The fourth, fifth, and sixth performance targets — to carry out the application process, review, and then close loans — are complete. In January 2009, the application process was opened and farmer outreach and publicity began. In March 2009, the Loan Review Committee reviewed loan applications and The Carrot Project completed site visits. Approved loans were then forwarded to Chittenden Bank and the first five loans were closed in April and May of 2009. The primary difference between what we originally planned and what occurred is that the current program makes loans on an ongoing basis, and each investor is not involved in finalization of the financing agreements with the farmers. Instead, each investor has authorized the microloan fund to use deposits to secure loans, based on the loan program criteria.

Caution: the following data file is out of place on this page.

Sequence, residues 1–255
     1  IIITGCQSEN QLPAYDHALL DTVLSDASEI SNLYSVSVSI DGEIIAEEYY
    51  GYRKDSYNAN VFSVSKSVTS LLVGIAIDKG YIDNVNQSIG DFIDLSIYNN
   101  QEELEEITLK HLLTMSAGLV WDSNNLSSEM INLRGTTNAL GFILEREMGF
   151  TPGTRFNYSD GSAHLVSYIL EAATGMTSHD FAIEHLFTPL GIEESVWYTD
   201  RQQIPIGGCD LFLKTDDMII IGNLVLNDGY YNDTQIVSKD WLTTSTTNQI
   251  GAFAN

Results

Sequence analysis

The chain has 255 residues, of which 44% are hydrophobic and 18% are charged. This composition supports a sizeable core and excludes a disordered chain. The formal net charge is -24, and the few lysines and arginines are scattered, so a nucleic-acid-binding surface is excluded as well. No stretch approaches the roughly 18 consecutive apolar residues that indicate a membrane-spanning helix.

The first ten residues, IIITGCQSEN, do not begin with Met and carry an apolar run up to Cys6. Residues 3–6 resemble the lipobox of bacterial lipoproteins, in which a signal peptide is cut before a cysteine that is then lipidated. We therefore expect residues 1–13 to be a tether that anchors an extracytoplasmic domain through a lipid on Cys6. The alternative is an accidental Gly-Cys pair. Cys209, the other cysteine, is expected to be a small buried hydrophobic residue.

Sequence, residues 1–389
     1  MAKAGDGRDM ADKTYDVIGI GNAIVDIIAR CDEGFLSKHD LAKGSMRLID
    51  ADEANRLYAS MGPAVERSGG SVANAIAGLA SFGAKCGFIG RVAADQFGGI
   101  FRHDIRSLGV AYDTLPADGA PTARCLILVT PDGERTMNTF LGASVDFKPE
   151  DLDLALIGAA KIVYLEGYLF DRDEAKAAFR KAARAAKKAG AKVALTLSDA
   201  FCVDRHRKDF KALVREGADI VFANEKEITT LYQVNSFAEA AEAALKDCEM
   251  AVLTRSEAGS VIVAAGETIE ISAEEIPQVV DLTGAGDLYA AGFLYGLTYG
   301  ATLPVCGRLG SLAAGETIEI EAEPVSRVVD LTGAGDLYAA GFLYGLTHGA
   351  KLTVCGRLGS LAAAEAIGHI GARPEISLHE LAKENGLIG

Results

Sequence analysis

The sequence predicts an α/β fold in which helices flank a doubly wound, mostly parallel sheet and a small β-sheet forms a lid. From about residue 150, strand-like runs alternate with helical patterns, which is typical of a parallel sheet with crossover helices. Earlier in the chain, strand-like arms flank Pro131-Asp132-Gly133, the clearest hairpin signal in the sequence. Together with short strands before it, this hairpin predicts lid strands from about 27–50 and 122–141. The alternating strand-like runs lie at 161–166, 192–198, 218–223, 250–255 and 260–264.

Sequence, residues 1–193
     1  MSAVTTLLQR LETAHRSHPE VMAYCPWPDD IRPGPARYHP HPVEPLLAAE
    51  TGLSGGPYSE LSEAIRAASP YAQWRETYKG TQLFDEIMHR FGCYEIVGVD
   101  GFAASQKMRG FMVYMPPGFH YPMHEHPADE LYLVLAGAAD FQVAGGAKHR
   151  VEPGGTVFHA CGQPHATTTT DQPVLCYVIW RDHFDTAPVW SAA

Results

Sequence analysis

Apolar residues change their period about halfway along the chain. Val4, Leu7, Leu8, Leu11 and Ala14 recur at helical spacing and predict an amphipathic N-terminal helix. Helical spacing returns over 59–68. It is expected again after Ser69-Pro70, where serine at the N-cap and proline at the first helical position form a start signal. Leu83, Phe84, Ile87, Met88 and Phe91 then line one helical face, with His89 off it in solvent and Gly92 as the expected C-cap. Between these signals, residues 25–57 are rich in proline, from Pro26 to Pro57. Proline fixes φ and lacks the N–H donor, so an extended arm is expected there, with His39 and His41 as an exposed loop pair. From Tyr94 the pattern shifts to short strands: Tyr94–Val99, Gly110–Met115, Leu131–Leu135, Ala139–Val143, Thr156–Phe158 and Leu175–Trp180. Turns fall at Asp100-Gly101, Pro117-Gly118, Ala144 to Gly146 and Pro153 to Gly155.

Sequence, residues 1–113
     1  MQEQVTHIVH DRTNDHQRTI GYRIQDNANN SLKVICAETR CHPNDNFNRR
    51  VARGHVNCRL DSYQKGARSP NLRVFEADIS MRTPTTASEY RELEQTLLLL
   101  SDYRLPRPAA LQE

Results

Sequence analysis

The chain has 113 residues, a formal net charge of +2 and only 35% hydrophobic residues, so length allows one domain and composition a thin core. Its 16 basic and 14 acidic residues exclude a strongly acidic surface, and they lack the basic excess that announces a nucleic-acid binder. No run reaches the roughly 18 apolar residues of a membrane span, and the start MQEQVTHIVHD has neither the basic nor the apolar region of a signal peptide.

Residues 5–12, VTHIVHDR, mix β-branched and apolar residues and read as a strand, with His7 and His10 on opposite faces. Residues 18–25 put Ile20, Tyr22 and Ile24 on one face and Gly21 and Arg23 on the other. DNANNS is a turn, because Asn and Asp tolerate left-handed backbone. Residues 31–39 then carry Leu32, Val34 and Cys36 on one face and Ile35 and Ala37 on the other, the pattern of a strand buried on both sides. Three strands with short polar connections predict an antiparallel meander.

The immediate impact of this project is a revolving $150,000 microloan fund for small farmers in Western Massachusetts and Vermont that is set up to increase in value and to expand to other parts of New England. Five farmers have received loans, averaging $8,000, for terms from nine months to five years. The farms included three CSAs, one goat dairy (which produces cheese and other value-added products), and one small dairy-and-greenhouse operation. All farms had both retail and wholesale accounts and three were certified organic.